Metaplan

A system of visualisation and documentation using coloured cards (of varying shapes and sizes) pinned to pinboards. Frequently used in the facilitation of planning workshops. Metaplan allows for many contributions to be put forward in parallel / at the same time, making communication more efficient. It is used in order that all voices be heard equally (participants all write cards on issue under discussion), and to enable flexible tracking of discussion by a facilitator in moving and grouping cards.

Micro-economic analysis

A type of economic appraisal, micro-economic analysis is related to the economic and financial effects for a single business or operational unit (private enterprise, public organisation). It can inform us whether such a unit can survive and bring benefits to its members in the long run (thus achieving economic sustainability).Micro-economic analysis is usually applied in the identification of viable income-generating activities and for public support to private economic activities (e.g. promotion of small-scale enterprises).

see also Economic analysis, Financial analysis, Macro-economic analysis

Milestones

A term used in operational planning to identify intermediate targets. Milestones define the targets which are to be reached by activities or sub-activities. As the activities or sub-activities are listed in a consecutive order the completion of each activity may be seen as a 'milestone' on the way to achieving the relevant output. Milestones are the yardsticks for monitoring.

Mind-mapping

A method of tracking and visually documenting the development of an idea showing all relevant interlinked points. Done in such a way to reflect the architecture and thought patterns of the brain. Used as a visualisation technique by facilitators of workshops.

Modernisation and Growth Theories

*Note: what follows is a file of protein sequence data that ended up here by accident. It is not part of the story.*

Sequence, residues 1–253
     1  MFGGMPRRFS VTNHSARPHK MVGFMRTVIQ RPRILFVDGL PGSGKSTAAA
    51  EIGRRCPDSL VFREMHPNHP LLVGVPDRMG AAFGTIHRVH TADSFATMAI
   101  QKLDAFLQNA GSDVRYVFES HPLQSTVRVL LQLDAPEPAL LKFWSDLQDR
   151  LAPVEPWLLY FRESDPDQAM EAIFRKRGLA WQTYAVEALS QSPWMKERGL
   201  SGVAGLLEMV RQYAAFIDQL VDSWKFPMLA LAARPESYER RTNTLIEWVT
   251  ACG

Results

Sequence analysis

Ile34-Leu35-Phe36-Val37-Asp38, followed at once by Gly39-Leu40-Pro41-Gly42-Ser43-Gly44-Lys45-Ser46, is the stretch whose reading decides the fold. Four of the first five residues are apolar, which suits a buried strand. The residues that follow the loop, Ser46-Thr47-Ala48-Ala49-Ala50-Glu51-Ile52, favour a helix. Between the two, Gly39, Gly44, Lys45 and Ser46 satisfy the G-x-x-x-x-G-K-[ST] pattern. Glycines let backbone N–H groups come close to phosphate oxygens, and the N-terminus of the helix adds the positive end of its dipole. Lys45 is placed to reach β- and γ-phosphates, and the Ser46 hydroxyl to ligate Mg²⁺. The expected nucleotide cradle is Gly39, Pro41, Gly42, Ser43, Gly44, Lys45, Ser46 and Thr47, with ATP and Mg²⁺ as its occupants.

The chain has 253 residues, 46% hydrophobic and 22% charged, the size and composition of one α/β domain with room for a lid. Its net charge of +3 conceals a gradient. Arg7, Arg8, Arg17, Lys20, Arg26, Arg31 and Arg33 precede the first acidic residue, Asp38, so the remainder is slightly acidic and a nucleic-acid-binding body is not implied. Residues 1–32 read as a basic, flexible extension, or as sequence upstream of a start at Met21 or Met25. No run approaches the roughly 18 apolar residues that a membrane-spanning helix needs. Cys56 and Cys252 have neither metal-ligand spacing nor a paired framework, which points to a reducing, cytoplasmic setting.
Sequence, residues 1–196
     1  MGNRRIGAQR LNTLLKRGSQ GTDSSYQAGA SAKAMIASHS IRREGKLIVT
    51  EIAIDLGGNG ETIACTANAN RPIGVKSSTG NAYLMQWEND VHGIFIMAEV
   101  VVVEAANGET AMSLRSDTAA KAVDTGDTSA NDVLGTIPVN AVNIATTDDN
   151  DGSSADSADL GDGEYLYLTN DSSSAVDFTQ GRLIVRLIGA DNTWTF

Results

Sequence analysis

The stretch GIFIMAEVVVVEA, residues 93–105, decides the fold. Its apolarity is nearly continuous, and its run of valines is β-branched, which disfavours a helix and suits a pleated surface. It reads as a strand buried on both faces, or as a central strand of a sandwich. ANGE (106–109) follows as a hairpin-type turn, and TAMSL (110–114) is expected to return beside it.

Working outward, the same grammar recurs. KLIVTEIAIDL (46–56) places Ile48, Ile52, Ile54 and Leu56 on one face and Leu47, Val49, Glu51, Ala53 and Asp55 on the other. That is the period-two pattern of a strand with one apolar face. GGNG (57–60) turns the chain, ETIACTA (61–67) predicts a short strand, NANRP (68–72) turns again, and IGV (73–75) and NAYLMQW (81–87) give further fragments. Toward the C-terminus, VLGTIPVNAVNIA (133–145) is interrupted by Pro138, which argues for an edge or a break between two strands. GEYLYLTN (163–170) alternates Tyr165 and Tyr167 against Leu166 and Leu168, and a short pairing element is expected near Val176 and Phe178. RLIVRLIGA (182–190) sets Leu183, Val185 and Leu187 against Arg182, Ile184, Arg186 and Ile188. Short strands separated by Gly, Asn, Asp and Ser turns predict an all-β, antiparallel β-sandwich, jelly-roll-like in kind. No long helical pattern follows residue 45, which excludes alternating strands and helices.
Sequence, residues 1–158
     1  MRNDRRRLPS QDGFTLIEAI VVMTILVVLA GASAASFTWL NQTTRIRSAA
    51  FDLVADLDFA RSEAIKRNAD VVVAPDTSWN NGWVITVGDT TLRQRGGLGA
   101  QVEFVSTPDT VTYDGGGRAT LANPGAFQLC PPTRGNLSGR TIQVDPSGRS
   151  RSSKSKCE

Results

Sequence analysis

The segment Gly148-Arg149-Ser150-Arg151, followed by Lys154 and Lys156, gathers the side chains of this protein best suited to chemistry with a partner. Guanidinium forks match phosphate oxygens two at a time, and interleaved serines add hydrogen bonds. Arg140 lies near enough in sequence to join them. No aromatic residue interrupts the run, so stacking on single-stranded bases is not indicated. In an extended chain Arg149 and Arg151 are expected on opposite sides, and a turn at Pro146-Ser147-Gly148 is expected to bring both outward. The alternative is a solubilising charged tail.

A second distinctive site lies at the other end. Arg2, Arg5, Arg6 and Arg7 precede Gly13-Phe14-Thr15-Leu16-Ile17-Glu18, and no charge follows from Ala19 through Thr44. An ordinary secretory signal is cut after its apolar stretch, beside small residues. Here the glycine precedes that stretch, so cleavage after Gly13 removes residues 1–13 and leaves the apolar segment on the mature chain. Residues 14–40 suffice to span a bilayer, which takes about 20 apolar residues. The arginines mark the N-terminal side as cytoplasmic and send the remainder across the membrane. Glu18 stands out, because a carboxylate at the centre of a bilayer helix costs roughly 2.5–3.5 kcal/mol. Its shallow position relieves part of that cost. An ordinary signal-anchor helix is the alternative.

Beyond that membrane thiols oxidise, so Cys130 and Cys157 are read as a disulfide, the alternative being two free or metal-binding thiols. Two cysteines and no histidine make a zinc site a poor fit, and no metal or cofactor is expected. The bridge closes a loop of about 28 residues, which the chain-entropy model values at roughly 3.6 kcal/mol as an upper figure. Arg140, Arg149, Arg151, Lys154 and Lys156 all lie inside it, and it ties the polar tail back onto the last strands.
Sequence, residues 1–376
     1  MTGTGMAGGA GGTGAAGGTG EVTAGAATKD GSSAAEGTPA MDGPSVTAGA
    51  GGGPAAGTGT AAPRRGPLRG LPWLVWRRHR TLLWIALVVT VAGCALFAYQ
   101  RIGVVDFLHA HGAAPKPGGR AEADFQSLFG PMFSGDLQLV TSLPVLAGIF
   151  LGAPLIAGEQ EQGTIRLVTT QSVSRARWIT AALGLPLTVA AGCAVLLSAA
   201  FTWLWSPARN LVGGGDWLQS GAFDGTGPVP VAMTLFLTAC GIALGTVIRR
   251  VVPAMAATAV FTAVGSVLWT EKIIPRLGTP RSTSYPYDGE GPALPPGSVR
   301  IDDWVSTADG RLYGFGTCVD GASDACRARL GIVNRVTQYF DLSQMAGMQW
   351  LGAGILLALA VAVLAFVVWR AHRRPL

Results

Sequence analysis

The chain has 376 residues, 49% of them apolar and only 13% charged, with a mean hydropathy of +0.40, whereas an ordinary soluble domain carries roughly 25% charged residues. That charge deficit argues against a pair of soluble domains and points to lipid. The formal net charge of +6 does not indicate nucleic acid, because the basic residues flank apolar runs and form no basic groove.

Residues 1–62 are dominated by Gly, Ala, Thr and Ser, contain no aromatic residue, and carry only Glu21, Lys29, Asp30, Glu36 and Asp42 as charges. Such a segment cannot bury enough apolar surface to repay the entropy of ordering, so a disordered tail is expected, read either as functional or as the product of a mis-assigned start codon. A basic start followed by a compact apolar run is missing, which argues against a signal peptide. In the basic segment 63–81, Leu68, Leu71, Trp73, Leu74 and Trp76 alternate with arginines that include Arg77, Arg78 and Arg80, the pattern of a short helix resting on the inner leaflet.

Modernisation ("modern") is a recent (1960s) term to describe mainly socio-economic changes brought about by industrialisation. It contrasts with traditional = not industrialised. In development, modernisation theories perceived a gap between traditional socio-economic systems that were not (yet) industrialised / un-developed, and highly developed systems : development was synonymous with modernisation = lifting traditional systems up to the level of modern ones.

Monitoring

Monitoring involves observing and assessing achievements (of a development project or -programme for example), on an ongoing basis, and is an internal affair of a management team. Systematic observation and documentation of information on implementation, often based on the indicators and means of verification stipulated during planning, is carried out. It is distinct from the evaluation of a project by external agents. Monitoring is an instrument that continuously delivers information concerning the actual status of an undertaking to persons involved in the implementation process, including target groups and beneficiaries. Monitoring is often referred to in the context of the acronyms MEA (Monitoring, Evaluation and Adjustment) or M&E (Monitoring and Evaluation).